Were you raised to believe that it isn’t polite to discuss money – more specifically, how much you paid for something, or how much you earned at work? I sure was.
Imagine: you go to your friend’s housewarming party, and as you cross the threshold and hand over the bottle of wine you got her, you say, “Hey, Barbara, nice digs! You must’ve paid a fortune for this! Seriously, how much was it?”
Unlikely. At least, not if you ever want to be invited to Barbara’s again.
But then along came Zillow in 2006, and suddenly this entire social convention – at least for houses – is passé. Want to know how much your own house is worth? Look it up on Zillow. Want to price houses in the new city you’re thinking of moving to? Zillow makes it easy. And want to be a little sneaky, a little creepy, and see how much Barbara paid for her beautiful new home without that awkward conversation? Zillow again (you creep).
If there’s one thing the Digital Age has proven itself good for, it’s delivering on the eons-old human desire for transparency. Good or bad, the truth keeps finding its way out into the open; secrets no longer stay secret for very long.
The year after launching Zillow, one of its co-founders, Rich Barton, collaborated on another site for unearthing secrets and setting the truth free: Glassdoor. Its promise is to shed light on what it’s really like to work at any given company, including what the pay is like there by position.
Unlike Zillow, Glassdoor falls a little short of its own founding vision. It has been criticized (including by me in my latest book) as being easily manipulated by a company’s PR staff or recruiters.
Still, the promise is there – if not for Glassdoor, then certainly for other ways for all of us to access the same underlying information: What is it really like to work at this or that company? How good is the leadership, truly? And most notably for this post, how much is everybody making?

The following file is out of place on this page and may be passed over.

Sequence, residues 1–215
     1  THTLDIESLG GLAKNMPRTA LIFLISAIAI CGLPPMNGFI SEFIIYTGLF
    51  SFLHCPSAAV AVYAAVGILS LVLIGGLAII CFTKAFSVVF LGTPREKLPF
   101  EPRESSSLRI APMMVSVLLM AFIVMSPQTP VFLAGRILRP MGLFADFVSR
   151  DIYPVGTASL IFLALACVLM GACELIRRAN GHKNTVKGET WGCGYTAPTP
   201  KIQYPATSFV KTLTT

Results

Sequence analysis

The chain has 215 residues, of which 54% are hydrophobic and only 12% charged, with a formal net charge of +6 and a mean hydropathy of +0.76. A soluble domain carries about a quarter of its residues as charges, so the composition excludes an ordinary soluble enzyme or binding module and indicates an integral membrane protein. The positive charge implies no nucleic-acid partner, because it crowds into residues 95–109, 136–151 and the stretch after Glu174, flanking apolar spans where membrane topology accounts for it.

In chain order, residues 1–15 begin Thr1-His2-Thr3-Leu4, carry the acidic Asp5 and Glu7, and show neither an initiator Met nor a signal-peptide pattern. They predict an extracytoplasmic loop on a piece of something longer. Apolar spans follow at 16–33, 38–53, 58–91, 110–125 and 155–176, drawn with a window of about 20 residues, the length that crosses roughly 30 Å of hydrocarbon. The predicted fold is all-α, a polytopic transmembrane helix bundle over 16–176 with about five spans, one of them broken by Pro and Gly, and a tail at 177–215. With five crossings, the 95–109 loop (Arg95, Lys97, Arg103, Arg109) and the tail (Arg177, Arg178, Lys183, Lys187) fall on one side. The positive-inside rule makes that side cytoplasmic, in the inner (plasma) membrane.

I’m convinced that the world of the very near future will involve universal pay transparency. Whether we like it or not, people will soon know how much we make.
Cue professor David Burkus, author of The Myths of Creativity, on why that’s going to be a very good thing for all concerned. In his recent TEDx Talk at the University of Nevada, David asks, “Why Do We Keep Our Salaries Secret?“
“The talk questions our cultural assumptions around keeping pay secret and reveals that sharing salary information may be better for employees, organizations, and society. While sharing salaries might raise privacy concerns, some leaders have found that keeping them secret might be hurting employees, causing dissatisfaction and hiding discrimination…it may even be the reason the gender wage gap is so hard to close.” (Italics added. See the illustration at the top of this post. Notice anything… off… about the wages on the women compared to the men? This pay discrepancy is a blight on society we need to fight harder to eliminate.)
If you’re half as obsessed about the future of work as I am, you can’t afford to miss this 7-minute TED talk!
And if you’re a podcast fiend, as I am (long commute anyone? Treadmill?), you’ll also enjoy NPR’s Planet Money episode, When Salaries Aren’t Secret.
I think universal pay transparency is coming, and I think that’s good for all (honest) parties concerned. Heck, companies like Buffer are already doing it.
What do you think? Let me know in the comments below!